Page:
The newly created Department for Energy Security and Net Zero has an “essential” leadership role in coordinating government’s work to make the UK a net-zero carbon economy by 2050 and other departments are supportive of the mission, Jeremy Pocklington has told MPs.
DESNZ permanent secretary Pocklington said the department’s creation last month had also been welcomed by stakeholders. He dismissed the suggestion that the break-up of the former Department for Business, Energy and Industrial Strategy had been a disruptive move.
Speaking at a Public Accounts Committee hearing last week, Pocklington acknowledged that the government’s plans to switch the UK economy to clean electricity by 2035 as part of its net-zero ambitions would be “very challenging”.
But he said “sophisticated modelling” run by DESNZ indicated that the switch would be possible “with sustained effort over many years and many parliaments”.
MPs’ questions followed a National Audit Office report earlier this month that warned uncertainty over the government’s strategy for switching away from gas-powered electricity generation by 2035 had placed the target at risk.
Pocklington, who was previously perm sec at the Department for Levelling Up, Housing and Communities, insisted DESNZ would give focus to delivering on the 2035 and 2050 targets.
“I think the creation of the department has been well received by stakeholders,” he said. “It is giving this vitally important agenda the focus it needs.
“We have been helped, pragmatically, by the fact that we have effectively been able to lift and shift many of the teams. The senior management structure is all in place, and we have been able to continue to focus on delivery.
“Disruption has been absolutely kept to the minimum, but I think having a single department on this will give us the focus and the bandwidth to deal with it. The scale-up of activity required is very significant.”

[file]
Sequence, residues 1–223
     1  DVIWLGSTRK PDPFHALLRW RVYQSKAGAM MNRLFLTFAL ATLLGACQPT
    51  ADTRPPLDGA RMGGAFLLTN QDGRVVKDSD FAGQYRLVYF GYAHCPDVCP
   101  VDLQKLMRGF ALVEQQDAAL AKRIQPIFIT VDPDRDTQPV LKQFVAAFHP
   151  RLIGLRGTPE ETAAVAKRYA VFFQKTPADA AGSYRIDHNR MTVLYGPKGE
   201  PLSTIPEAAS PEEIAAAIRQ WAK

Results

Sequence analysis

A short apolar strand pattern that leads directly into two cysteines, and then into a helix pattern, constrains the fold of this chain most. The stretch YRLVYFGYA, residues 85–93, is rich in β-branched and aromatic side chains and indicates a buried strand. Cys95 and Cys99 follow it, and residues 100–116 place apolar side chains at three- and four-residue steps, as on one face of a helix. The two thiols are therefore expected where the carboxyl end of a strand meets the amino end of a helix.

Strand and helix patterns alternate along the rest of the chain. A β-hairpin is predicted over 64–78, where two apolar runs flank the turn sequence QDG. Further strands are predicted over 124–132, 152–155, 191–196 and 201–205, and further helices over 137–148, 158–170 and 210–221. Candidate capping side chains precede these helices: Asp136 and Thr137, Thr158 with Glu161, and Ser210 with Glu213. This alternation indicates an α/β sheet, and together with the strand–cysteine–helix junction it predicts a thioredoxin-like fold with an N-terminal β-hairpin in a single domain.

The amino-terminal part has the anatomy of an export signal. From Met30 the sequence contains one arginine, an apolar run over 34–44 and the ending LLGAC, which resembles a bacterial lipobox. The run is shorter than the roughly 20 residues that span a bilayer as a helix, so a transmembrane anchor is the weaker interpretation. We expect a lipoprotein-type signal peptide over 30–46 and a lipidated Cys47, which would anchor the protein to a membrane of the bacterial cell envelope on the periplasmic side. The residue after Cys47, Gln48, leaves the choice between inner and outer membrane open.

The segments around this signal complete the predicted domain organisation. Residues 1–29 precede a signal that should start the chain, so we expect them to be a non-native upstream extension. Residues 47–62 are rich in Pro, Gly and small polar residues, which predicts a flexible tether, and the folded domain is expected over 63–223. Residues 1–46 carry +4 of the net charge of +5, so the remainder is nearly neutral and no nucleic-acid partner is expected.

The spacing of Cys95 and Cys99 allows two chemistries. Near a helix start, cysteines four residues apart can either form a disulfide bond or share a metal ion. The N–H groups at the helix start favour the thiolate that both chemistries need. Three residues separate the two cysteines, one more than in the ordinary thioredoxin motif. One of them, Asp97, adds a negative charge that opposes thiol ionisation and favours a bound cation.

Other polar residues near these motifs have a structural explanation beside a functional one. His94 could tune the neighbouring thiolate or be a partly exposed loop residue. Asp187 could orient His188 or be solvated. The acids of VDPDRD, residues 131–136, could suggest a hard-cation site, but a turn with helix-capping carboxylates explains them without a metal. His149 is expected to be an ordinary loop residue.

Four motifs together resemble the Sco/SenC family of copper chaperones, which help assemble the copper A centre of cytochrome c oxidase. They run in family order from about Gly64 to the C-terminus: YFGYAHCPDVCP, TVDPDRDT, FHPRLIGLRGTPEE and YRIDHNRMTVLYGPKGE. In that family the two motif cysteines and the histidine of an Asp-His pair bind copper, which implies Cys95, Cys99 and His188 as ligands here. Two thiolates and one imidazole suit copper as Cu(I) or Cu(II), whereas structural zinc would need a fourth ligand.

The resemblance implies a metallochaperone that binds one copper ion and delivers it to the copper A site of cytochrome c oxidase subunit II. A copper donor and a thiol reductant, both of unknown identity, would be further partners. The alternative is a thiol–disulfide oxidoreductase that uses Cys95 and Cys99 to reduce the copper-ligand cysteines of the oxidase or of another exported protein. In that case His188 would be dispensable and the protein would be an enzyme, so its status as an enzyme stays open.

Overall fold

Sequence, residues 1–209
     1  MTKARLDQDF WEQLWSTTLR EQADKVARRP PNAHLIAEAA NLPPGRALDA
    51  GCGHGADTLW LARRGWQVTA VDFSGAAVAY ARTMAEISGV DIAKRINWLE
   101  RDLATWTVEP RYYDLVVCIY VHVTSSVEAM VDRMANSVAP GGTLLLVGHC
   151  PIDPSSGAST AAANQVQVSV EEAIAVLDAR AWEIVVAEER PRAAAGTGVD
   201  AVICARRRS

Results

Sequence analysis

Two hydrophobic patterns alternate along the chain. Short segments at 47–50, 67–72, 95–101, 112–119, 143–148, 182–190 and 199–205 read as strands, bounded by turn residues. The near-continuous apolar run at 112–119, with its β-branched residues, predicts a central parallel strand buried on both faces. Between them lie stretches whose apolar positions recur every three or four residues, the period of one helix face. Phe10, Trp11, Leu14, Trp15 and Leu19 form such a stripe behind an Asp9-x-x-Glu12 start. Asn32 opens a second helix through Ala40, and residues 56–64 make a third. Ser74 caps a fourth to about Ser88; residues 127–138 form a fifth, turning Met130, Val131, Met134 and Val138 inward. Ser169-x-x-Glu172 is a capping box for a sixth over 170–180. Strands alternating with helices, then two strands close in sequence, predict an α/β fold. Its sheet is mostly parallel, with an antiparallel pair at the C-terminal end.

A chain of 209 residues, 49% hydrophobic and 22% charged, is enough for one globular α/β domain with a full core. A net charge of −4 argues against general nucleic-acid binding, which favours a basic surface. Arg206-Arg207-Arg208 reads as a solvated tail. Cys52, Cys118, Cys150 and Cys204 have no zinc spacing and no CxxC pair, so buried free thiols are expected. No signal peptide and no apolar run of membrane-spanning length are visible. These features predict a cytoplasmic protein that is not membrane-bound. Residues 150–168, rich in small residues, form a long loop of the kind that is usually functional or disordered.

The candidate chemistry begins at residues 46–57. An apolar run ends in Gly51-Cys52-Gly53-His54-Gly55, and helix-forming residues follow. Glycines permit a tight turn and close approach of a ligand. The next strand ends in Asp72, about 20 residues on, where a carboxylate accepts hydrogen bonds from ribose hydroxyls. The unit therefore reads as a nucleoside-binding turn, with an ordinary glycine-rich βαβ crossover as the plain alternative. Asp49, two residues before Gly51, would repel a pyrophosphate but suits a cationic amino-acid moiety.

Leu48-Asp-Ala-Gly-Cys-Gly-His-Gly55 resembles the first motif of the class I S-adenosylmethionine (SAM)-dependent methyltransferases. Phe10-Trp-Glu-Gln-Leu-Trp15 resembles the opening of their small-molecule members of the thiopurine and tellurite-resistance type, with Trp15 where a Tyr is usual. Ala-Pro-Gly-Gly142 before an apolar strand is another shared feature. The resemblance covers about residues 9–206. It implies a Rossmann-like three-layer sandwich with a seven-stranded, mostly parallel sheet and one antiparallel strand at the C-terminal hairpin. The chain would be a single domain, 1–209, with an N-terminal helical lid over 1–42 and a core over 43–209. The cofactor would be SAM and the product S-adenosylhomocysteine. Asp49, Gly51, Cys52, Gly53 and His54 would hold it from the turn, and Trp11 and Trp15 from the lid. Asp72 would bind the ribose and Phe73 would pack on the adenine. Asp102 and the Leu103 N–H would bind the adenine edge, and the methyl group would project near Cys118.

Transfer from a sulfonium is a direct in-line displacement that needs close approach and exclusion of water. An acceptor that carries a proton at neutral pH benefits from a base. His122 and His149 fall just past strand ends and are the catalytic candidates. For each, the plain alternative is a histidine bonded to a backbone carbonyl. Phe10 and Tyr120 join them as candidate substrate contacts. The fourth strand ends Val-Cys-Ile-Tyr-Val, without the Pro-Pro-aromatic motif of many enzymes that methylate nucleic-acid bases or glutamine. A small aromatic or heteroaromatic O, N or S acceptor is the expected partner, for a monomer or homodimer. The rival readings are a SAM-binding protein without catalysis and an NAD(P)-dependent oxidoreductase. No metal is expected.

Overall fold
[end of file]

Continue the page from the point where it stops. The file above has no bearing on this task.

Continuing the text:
Pocklington told committee members that departments were on board with the net-zero ambition and that DESNZ’s role was to coordinate work across government and beyond.
“What is essential is that we build strong partnership and collaborative relationships with the relevant departments in Whitehall and that we as a department play a leadership role, working with No.10 and the Cabinet Office to ensure that all departments are aligned,” he said.
“This is something that I find departments want to get behind, and there is an awful lot of work under way.”
Pocklington rejected the suggestion that there was no plan for decarbonising the power sector, but accepted that there was “ a case for a clearer overarching plan” to pull existing work together. He said DESNZ would this week publish an energy-security plan that would contribute to the 2035 target.
At Thursday’s session the perm sec was asked what he believed the key barriers were to achieving the 2035 target.
He said planning issues related to the new transmission networks for clean electricity were “probably the biggest single constraint” DESNZ had.
“Planning is a very important process,” he said. “Ensuring that we can obtain the planning permission that we need and also the skills that we need.”
Pocklington told MPs it was anticipated that around 60% of ationally Significant Infrastructure Projects over the next decade would be “in the energy space”.
NSIPs also include major new roads, railway lines, port facilities and bridges as well as power-generation infrastructure.